Chapter Fifteen

MORE NOTES ON FLORA

~ Problem: Flora is boring. Too like a hearth rug. She should issue set-downs. “You flea-bitten fungus!”

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~At least defend herself.

The vapid Mrs. Dandylion (shrilly): “Don’t count your chickens before they are hatched!”

Flora: “I am happy to say that I would not recognize a chicken, nor do I own any. Obviously our social spheres have been quite, quite different.”

Readers might think she is overly tart?

She must be sweet.

Vander’s stable was nothing like the simple enclosure at Carrington House. It was four times the size, with a wide, spotless central corridor and elegant stalls over which horses stretched their heads. Each stall had a brass plate engraved with the horse’s name. And each horse was more graceful than the last.

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“Watch that one, Your Grace,” Vander’s stable master, Mr. Mulberry, said, touching Mia’s arm and nodding to their right. “He’s new to the stables, and he’s proven to have a terrible temper. He bit one of the stable hands in the arse, and the lad will have a scar to the day he dies.”

The horse poked his head out to look at her. He was an amber chestnut color, with a black mane and a rather sweet tuft that fell over his eyes. Muscles rippled as his powerful neck curved over the door of his stall. His eye caught hers. It was dark brown, ferocious, wild.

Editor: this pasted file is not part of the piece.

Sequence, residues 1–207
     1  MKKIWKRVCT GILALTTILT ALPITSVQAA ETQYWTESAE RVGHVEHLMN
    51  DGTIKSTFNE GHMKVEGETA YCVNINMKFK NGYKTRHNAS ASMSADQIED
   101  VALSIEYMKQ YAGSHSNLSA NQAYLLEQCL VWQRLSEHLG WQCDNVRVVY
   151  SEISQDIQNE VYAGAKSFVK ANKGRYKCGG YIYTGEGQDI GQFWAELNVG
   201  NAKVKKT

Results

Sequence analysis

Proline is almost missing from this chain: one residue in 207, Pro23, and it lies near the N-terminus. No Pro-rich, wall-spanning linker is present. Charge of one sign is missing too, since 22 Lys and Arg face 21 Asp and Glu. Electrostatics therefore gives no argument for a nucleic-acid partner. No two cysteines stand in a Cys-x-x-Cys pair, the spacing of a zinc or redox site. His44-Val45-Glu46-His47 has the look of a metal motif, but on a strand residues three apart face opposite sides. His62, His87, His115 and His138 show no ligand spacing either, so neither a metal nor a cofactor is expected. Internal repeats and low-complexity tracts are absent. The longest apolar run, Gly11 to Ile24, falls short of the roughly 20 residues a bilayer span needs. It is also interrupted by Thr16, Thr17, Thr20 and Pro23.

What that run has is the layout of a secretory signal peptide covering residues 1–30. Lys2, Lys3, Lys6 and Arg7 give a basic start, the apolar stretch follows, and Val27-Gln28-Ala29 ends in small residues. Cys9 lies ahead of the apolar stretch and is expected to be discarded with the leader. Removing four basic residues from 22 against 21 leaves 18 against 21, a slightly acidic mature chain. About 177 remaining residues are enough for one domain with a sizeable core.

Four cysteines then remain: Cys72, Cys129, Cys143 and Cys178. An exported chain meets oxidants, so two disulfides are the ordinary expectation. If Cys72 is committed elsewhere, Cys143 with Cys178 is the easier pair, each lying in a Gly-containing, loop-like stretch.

Mia froze. “He’s the size of a house,” she breathed. She vastly preferred the size of her mount, Lancelot; he was as stubby as she was. She was terrified by large horses.

“Sixteen hands,” Mulberry confirmed.

“What is his name?”

“Jafeer. That means ‘the sound of the wind,’ in the language of Arabia. His Grace imported him at great expense on the basis of his bloodlines, but no one can tame him. He’s stopped eating. Doesn’t like England is my guess.”

“Oh, dear, that’s terrible,” Mia exclaimed. Luckily, that would never happen to her horse, because Lancelot liked eating more than anything in the world. She doubted he would even notice if he was moved to a different country, as long as they grew oats there.

“I put your mount in the stall beside Jafeer, as he seems unlikely to be riled by all the carryings-on next door.”

“Nothing riles Lancelot,” Mia confirmed.

Mulberry was trying to guide her past Jafeer’s stall, but she halted. “If I approach him, what will he do?”

“Likely start kicking his stall,” the stable master said. “Please, Your Grace, don’t do that. I have twenty-four animals here, and they all grow upset when Jafeer tries to escape, which is all he’s been doing for the last five days.”

Mia nodded and edged past. Lancelot didn’t look up as they approached; he was taking a nap, his head hanging.

“Could Lancelot have a brass nameplate too?” she inquired. “I know he’s not of the quality of the rest.”

“His Grace will undoubtedly procure a new mount for you without delay,” Mulberry said.

“I don’t want a new horse,” Mia told him. Lancelot was just right for her. He resembled a sofa with legs. Short legs.

Sir Richard had sold all the horses belonging to her father and brother, claiming that Charlie had no need of them. He would have sold Mia’s horse too, but for the fact no one thought Lancelot was worth more than a shilling.

“He and I have been together for years,” she said, reaching out to tug on Lancelot’s forelock.

Lancelot ignored her, keeping his eyes shut. He had a strong belief that inertia was better than movement.